Tell me, Muse, of a girl on a scooter
Lyssa was raised in idyllic Austin, Texas, by a magical mother who starred in the local talent show and seemed to hang the stars without a stepladder. When her mother died, life became flat and monochromatic. News that their family home is set to be demolished gives Lyssa a mission—make it from her new digs in Washington State to Austin in time to save the house, riding her dilapidated two-wheeled scooter, Zip. No problem, right?
During her road trip—it's more than fair to call it an odyssey—Lyssa encounters a range of eccentric characters who push the bounds of magic realism into the surreal. First-time author Ellie Rollins humanizes this colorful landscape with precise description. Lyssa meets an unnaturally tall woman whose hair “was gray and wispy, like it had been fashioned from dandelion seeds and dental floss.” Growing up in show business, she's naturally unfazed by the craziness that unfolds while she desperately tries to get home, navigating through gender-flipped singers, a restaurant flood, burlesque mermaids—the list goes on. Watch out for the whirlpool in the Motel Charybdis' hot tub (just a friendly warning).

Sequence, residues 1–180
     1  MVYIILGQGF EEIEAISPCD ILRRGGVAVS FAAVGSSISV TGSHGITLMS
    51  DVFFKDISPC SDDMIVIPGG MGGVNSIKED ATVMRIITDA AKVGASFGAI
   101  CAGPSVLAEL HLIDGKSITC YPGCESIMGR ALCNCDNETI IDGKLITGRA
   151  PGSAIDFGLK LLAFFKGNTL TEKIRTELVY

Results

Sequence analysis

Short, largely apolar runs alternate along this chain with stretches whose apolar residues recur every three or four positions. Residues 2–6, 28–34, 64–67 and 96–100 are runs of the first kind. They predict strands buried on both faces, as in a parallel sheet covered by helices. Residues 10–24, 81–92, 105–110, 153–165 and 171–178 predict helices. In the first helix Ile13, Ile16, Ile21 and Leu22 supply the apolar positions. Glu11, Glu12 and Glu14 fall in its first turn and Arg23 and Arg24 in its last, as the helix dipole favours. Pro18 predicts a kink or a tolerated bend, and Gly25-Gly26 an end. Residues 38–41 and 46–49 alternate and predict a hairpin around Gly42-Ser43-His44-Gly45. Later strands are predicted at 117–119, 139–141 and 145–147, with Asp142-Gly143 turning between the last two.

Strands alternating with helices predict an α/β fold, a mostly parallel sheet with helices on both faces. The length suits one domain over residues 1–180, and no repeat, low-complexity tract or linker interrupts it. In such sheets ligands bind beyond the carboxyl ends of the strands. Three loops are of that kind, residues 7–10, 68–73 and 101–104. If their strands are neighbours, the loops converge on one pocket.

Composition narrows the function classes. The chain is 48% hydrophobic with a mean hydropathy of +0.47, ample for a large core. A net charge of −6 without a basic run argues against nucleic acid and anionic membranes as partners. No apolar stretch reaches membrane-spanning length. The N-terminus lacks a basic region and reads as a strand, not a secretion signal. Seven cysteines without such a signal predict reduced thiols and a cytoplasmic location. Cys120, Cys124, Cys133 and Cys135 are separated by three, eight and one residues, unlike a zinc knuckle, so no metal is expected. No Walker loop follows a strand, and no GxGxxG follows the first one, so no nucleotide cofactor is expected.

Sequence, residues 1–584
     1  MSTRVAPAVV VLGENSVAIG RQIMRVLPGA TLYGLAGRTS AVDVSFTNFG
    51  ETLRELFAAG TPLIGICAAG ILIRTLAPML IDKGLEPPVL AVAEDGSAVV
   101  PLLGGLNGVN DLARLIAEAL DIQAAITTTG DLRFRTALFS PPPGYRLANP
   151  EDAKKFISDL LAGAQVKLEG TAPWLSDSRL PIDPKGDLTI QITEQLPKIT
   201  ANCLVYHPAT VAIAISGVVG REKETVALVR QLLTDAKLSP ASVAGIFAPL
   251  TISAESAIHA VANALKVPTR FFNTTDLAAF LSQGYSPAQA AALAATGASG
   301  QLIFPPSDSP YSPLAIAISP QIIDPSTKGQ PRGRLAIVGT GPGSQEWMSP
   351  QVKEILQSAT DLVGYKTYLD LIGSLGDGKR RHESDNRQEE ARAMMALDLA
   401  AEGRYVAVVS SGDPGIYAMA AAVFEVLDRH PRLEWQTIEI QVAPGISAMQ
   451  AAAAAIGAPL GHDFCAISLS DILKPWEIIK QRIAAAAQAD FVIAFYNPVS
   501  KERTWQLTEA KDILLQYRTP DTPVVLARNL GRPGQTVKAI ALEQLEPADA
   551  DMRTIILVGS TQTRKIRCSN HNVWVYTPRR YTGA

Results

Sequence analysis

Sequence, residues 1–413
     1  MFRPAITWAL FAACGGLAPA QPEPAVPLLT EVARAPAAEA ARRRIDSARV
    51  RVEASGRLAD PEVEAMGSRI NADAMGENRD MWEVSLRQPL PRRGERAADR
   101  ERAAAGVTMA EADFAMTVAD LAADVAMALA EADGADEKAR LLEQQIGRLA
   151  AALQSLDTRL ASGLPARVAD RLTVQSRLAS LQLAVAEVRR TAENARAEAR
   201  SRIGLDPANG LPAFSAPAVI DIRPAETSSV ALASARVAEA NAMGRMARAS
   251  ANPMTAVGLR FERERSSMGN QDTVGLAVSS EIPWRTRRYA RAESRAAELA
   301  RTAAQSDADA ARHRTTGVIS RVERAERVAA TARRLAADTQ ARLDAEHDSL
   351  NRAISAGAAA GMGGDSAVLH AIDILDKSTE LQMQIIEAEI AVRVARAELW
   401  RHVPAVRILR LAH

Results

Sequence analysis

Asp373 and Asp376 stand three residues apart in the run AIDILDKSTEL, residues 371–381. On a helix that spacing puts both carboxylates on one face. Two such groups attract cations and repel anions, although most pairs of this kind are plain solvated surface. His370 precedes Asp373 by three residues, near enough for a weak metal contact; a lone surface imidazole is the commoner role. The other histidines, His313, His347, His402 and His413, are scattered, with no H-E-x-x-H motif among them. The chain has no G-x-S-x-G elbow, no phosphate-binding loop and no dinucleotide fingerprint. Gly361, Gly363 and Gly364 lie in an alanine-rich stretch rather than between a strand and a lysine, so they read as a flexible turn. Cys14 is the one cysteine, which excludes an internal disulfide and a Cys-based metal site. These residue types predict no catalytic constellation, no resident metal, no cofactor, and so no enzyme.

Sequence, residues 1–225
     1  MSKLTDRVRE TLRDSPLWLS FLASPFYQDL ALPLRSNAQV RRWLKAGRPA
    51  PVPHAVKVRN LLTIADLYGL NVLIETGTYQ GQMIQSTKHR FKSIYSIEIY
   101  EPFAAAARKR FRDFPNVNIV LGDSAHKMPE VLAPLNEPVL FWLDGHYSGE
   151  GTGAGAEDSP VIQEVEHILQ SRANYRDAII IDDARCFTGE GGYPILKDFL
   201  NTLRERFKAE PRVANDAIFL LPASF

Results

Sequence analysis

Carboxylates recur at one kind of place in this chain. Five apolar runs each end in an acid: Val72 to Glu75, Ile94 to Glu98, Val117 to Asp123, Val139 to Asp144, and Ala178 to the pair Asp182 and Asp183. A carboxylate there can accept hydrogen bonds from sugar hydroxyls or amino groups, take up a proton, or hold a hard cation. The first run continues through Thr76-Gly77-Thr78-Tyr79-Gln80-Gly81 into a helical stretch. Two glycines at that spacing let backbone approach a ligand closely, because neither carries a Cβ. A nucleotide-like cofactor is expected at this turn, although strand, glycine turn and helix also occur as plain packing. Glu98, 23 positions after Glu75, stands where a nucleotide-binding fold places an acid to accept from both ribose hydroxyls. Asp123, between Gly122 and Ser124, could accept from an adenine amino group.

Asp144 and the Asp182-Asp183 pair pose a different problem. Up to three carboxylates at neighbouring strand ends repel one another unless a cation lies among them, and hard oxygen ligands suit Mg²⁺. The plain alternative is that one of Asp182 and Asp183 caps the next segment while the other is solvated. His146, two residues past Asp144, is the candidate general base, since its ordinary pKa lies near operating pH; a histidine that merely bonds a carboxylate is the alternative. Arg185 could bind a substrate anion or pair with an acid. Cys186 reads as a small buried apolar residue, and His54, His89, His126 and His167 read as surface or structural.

Zip is a genuine treat, a classic retold with freshness, humor and heart. Kids who are familiar with Homer’s Odyssey will be amazed at how the same story can translate into present-day life in the U.S., and those who haven't read it will enjoy the adventure and be well primed to tackle the source material later. Under all the mythology, there's also a moving story here about grief, love, loss and what makes a home a home. Don't let Zip pass you by.